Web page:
educational practice
university

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title = "Smart First Aid - Leading the world in 1st aid innovation: Pilot Study Report 2018",
abstract = "There is growing evidence that the use of enhanced multimedia instruction in education is a key means of improving learning, skills, and outcomes, particularly for practical skills. In the health sciences, the use of mobile mixed reality has been shown to be ideal for reducing cognitive load and enhanced learning. The context of this study, is skills acquisition and familiarity in snake bite treatment. The intervention aims to assist learners through multimedia instruction using virtual reality (VR) stereoscopic video on the correct procedure and application of snake bite treatment using a Snake Bite Indicator Bandage. The VR intervention has been compared with a traditional method (paper based pamphlet) provided with the Snake Bite Indicator Bandage in line with current educational practice. A survey was administered to measure learner perceptions and post testing was conducted with a trained first aid staffer to measure skills and familiarisation from video recorded footage from the pilot intervention session. A complete usability pilot study with (n=20) participants occurred on the 16th May to test VR in enhancing confidence of end users while performing first aid, and has been completed by comparing training through VR video and a standard industry paper pamphlet.In analysing the results, the stereoscopic VR video method had some problems and therefore a decision was made to use immersive 2D VR video which showed promise out performing the traditional method on all indicators, however the study size of (n=20) split across the interventions is under powered. Therefore, using the mean results of the usability pilot study it has been identified that a second round study should occur with an approximate sample size (~n=140) with participants to achieve greater understanding of the use of the VR intervention across two university campuses, Bond University and James Cook University in Queensland. This will also address usability issues with the proposed method outlined in the report. In this usability pilot study we aim to explore the pedagogical possibilities of a mobile stereoscopic VR video application to delivery spatial content on treating snake bite through the use of the Rescue Swag – Smart First Aid Kit - Snake Bite Indicator Bandage. The aim is to guide the user in learning and applying first aid correctly improving familiarisation with the skill and general confidence. In particular we want to answer the research question: “Can mobile stereoscopic VR video improve learner familiarisation and skills compared with traditional 2D image delivery in treating snake bite?”",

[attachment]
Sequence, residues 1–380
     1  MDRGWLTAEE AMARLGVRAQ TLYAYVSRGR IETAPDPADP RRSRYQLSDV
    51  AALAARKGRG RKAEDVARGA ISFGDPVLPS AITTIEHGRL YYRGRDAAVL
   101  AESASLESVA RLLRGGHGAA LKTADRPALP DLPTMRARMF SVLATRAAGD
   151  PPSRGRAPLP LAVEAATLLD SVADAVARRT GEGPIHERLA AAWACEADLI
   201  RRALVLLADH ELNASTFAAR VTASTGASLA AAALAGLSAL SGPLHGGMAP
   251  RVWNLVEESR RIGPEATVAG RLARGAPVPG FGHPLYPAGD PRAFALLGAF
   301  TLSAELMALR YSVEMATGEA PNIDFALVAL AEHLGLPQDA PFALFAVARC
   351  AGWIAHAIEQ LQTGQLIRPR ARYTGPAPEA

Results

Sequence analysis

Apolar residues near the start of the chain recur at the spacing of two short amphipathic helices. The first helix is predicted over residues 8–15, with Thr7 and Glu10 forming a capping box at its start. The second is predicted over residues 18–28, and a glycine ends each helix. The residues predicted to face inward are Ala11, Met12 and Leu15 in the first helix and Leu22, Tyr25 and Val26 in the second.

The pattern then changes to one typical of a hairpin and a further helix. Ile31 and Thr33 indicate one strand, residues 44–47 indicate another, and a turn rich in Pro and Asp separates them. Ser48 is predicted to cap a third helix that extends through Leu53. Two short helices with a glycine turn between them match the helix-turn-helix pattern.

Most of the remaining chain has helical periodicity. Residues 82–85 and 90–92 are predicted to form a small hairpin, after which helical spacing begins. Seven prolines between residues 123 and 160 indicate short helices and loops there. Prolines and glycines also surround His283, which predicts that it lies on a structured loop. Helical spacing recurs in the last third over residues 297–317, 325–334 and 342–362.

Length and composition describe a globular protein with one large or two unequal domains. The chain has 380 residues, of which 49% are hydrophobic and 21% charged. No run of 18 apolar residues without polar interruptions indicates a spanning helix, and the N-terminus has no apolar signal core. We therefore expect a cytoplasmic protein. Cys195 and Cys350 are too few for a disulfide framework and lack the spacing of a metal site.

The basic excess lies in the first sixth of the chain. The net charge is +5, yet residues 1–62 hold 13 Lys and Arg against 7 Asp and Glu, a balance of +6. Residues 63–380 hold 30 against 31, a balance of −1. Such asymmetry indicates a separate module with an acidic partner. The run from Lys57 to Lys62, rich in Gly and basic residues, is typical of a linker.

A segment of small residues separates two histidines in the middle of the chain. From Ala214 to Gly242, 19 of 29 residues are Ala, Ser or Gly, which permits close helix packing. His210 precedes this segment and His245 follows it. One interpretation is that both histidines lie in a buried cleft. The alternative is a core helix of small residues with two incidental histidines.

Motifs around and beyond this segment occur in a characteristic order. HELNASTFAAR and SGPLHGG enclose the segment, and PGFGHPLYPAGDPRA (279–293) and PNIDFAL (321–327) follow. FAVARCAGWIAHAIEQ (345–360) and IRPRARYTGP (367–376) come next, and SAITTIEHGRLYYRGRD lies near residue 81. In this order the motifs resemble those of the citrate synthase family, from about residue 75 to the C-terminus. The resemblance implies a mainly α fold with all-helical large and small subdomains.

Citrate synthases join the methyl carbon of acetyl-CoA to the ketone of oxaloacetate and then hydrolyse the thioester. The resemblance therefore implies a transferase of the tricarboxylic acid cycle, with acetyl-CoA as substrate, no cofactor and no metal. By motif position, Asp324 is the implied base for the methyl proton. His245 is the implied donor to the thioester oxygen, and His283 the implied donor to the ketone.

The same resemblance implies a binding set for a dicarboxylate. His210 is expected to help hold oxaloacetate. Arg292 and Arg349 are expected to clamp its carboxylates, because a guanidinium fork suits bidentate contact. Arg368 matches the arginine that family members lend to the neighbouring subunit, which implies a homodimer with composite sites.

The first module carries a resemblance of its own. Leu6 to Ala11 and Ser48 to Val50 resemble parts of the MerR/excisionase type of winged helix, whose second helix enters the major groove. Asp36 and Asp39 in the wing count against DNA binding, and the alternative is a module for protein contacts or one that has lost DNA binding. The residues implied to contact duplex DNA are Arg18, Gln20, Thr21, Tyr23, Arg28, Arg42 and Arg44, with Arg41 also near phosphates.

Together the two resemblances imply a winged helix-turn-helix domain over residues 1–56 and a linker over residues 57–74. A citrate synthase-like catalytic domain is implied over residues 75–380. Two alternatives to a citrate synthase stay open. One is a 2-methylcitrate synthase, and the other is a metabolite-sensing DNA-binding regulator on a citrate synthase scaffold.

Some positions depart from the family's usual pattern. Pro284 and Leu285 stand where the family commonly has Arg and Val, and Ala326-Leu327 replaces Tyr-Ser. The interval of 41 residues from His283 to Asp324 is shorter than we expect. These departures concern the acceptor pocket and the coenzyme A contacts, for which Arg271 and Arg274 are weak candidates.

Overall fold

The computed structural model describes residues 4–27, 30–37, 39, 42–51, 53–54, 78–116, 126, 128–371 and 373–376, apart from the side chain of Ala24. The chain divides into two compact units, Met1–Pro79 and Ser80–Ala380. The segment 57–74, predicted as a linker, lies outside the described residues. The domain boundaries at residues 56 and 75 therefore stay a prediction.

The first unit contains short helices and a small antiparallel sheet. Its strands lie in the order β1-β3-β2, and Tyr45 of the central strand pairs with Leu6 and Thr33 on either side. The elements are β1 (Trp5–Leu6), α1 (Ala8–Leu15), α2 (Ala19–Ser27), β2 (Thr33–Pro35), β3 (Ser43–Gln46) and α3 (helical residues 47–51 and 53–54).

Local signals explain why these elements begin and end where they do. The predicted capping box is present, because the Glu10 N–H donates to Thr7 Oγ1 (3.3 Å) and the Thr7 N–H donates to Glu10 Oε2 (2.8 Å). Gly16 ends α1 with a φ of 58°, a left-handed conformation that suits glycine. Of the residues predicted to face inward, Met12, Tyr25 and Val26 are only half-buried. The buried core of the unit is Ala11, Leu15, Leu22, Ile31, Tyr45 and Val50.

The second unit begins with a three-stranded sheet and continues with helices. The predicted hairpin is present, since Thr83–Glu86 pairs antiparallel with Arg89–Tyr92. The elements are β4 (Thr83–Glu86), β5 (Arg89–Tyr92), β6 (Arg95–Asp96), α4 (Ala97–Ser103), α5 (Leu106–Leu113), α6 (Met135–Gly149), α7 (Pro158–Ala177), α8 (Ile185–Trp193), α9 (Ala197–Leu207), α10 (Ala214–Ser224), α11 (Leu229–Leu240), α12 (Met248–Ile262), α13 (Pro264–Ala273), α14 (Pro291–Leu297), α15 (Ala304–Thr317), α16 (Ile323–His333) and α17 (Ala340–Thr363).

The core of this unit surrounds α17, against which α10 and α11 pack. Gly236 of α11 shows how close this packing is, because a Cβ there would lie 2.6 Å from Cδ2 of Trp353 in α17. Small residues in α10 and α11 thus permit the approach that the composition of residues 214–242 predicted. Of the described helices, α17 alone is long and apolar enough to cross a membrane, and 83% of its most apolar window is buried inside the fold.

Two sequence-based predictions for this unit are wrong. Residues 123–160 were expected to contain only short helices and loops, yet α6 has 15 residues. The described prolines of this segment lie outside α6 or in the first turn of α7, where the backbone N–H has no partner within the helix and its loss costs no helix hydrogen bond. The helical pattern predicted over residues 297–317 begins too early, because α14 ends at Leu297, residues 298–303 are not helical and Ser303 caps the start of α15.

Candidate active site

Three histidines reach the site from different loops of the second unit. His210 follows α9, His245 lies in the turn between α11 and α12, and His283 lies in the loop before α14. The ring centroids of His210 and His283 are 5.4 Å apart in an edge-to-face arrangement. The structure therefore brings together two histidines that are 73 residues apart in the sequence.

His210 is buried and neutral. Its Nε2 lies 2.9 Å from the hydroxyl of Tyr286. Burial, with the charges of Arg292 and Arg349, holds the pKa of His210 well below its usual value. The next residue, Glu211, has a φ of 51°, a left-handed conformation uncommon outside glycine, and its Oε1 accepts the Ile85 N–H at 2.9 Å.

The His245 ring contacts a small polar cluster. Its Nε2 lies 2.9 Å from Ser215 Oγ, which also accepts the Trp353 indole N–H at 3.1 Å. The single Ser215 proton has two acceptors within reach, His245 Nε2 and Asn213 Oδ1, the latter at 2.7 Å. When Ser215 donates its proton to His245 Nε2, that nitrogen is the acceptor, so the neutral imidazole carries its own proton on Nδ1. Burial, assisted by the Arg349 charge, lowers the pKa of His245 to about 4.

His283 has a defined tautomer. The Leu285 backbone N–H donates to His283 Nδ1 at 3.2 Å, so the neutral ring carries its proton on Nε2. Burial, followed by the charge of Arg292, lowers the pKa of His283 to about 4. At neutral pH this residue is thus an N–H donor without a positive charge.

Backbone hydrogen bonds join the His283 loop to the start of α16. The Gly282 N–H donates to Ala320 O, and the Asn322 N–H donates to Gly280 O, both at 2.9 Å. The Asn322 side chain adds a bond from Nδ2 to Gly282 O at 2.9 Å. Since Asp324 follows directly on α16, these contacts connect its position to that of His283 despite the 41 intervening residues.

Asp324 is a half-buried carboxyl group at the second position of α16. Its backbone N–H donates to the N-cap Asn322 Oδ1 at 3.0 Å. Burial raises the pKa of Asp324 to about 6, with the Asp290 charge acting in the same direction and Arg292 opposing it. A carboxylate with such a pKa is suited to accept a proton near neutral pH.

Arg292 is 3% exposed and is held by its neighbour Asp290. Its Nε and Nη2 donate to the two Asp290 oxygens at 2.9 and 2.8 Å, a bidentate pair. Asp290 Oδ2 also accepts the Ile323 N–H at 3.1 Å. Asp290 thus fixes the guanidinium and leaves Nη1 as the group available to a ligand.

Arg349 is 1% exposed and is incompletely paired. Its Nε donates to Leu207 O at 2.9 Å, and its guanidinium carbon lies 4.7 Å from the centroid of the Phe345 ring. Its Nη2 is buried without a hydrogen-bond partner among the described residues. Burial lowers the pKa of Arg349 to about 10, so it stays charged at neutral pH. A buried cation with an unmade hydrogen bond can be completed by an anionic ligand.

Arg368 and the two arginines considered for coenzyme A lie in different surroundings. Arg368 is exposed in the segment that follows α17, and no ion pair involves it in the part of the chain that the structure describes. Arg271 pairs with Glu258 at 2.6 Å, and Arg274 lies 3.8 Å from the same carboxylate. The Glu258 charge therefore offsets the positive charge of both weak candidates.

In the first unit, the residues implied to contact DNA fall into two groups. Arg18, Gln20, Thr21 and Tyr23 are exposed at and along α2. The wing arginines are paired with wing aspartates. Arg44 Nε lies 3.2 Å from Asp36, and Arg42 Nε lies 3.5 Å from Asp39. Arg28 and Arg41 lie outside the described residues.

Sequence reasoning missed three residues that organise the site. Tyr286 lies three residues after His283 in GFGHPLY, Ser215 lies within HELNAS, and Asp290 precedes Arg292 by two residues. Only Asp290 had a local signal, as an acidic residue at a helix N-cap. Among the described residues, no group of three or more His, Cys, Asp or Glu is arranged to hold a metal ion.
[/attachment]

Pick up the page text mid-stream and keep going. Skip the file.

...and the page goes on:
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Smart First Aid - Leading the world in 1st aid innovation: Pilot Study Report 2018. / Birt, James R.

Mareeba : TCB Innovations Pty Ltd, 2018. 47 p.

Research output: Book/ReportOther reportResearchpeer-review